3 Things You Need to Shape Your Teams into a Next-Generation AWS Managed Service Provider (MSP)
By Adrian SanMiguel, Principal Partner Solutions Architect at AWS
In the AWS Managed Services Provider (MSP) Partner Program, many of our next-generation MSPs deliver hands-on, proactive, and consultant-level support that educates and enables customers’ cloud adoption journey on the Amazon Web Services (AWS) platform.
It sounds easy enough to build a team and staff it with awesome people who can build, market, and support your managed services offering. But this actually is where things get tricky.
As a Solutions Architect at AWS who has worked in the MSP space for 15 years, I have seen many organizations operate with different constructs, silos, and even teams of specialists and appointed resources, also known as the dreaded “tiger team” that is created to figure it all out. Most of these endeavors have the of best intentions, but are hastily put together to solve a one-off problem versus having the long game in mind.
A previous employer of mine, for example, decided to turn their network operations center (NOC) into an MSP. They wanted to take a core competency of hosting and server administration and turn it into a true managed service. This was a high visibility effort that ultimately attracted a single high-profile customer.
After six months, the customer was unable to discern value from the services they had paid for, so they took their business elsewhere. Our credibility was lost, and the project folded at the cost of approximately $20 million dollars over the course of two years.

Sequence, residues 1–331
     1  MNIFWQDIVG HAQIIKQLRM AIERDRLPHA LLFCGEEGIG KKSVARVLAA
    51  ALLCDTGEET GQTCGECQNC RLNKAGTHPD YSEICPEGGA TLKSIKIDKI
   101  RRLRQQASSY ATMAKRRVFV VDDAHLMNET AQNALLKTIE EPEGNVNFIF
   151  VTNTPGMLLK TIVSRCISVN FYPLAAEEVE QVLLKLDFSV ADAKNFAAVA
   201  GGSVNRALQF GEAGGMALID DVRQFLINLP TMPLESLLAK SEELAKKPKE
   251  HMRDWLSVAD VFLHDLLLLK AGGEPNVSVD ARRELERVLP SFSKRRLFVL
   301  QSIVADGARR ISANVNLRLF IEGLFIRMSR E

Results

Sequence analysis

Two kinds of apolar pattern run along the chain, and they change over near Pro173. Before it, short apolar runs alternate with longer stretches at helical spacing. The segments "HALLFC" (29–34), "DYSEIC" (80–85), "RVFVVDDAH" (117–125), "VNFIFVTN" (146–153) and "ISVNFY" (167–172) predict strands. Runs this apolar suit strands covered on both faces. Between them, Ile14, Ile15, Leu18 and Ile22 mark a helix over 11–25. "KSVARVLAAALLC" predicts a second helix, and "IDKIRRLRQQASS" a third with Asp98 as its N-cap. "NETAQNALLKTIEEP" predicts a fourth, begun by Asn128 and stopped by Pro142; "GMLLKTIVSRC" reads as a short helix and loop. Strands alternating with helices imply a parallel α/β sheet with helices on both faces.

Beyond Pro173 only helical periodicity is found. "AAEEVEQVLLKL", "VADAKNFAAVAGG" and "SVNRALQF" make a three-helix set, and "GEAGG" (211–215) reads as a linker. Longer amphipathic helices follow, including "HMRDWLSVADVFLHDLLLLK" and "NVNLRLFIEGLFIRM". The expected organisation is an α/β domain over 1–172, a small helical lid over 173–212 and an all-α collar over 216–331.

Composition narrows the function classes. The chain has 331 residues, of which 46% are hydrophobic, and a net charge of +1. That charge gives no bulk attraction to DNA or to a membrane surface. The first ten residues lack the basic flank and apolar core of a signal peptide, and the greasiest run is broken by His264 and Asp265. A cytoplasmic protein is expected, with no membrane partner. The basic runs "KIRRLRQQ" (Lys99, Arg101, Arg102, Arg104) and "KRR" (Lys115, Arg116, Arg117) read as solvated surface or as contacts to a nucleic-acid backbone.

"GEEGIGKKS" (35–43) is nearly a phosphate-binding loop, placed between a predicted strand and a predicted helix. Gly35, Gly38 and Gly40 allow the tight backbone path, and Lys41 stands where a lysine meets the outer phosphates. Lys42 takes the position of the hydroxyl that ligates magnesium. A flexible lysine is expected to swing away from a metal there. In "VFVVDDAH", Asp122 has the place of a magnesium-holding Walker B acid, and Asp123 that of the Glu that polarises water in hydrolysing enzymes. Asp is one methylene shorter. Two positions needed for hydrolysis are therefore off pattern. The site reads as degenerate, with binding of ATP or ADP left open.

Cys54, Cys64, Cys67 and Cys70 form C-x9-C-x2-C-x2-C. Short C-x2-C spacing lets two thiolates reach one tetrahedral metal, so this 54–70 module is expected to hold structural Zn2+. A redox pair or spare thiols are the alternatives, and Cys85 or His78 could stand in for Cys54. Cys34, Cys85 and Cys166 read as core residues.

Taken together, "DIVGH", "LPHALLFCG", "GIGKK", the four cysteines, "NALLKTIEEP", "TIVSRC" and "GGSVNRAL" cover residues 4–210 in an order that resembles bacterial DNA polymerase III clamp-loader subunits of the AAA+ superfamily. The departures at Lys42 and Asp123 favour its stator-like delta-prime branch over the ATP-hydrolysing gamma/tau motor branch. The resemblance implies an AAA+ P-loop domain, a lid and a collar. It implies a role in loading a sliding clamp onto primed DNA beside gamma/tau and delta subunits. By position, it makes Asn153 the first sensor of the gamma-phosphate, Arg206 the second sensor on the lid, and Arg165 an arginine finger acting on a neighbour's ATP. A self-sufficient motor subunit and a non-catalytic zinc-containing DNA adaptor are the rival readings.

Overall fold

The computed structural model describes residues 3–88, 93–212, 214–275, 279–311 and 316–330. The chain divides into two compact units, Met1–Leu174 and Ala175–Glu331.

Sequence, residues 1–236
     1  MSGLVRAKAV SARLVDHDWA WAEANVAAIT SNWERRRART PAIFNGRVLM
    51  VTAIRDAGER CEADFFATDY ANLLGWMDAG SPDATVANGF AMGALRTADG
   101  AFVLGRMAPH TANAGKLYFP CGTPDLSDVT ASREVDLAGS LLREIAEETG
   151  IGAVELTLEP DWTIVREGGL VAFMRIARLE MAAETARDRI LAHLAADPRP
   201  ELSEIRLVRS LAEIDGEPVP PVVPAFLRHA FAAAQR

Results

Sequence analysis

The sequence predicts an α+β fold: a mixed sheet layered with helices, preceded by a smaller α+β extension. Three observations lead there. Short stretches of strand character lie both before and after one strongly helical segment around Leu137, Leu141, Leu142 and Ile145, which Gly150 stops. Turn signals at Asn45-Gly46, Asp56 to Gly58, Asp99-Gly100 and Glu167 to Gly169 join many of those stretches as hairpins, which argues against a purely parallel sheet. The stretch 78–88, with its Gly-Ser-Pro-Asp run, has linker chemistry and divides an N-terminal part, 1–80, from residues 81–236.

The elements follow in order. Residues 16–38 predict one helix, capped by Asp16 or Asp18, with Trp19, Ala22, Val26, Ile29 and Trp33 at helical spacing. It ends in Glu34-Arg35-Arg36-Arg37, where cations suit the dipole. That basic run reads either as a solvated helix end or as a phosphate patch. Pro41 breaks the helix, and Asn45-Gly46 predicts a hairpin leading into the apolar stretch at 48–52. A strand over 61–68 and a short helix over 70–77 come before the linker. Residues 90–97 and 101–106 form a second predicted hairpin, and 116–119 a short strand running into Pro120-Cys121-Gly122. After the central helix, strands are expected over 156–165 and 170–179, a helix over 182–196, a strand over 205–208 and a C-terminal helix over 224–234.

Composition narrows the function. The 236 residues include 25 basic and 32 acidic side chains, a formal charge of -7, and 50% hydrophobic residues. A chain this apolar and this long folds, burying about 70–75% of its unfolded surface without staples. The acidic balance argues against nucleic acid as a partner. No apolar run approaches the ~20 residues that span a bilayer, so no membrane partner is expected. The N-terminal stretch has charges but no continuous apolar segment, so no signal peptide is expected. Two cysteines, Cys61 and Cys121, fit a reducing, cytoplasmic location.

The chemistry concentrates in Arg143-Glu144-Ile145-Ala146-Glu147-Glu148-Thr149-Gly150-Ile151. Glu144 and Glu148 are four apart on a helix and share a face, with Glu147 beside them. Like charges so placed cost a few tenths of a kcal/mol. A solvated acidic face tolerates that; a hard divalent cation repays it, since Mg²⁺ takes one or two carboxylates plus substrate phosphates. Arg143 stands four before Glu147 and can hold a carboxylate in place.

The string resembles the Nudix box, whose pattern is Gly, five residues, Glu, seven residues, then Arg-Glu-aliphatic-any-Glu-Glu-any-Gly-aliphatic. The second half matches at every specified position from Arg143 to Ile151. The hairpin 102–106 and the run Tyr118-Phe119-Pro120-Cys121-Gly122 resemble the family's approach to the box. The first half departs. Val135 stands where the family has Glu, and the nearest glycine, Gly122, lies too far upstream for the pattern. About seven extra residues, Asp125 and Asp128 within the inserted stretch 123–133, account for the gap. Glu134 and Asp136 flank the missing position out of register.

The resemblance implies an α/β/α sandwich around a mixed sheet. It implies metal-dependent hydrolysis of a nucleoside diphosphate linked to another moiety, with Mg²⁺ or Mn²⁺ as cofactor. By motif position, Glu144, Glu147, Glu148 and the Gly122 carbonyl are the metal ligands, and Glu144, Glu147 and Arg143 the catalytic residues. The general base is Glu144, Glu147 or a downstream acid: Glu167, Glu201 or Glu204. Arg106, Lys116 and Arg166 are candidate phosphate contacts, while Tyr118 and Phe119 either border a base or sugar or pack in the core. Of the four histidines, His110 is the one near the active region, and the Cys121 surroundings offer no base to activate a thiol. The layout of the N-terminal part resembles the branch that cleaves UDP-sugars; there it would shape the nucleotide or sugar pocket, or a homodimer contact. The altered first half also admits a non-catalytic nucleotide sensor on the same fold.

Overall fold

In this series for AWS Partner Network (APN) Partners, I am making specific recommendations on how you can build an MSP practice and shape your core teams (yes, plural) to ensure there are:
- Clear separation of duties come audit time (your own audit, not the MSP audit).
- Distinct owners and stakeholders for the MSP audit, meaning you can assign unique sections to each team to spread the load.
- Individuals or teams of persons who serve as the escalation point(s) for the unique teams in your MSP.
- Multiple people who can contribute. Believe me, no one person should be tasked to do all of these things; it never bodes well for the individual or the MSP.
Through my experience, I have established three absolute musts that successful AWS MSP all possess—AWS-dedicated resources, an AWS Alliance Executive Sponsor, and teams of specialists who are unimpeded to do what they do best. Without these, you cannot succeed as an MSP in the long-run.
Let’s look at each pillar and dive into the types of teams that should, at a minimum, comprise the core of your MSP organization.
#1 – AWS-Dedicated Resources
Your MSP practice should have as many dedicated-to-AWS teams as possible. Those individuals should be focused 100-percent on AWS workloads.
In our experience (and certainly my own), an MSP where everyone does everything for every cloud platform makes things incredibly difficult at scale. You will eventually get to the point where you dilute your go-to-market (GTM) capabilities because you’re spread so thin.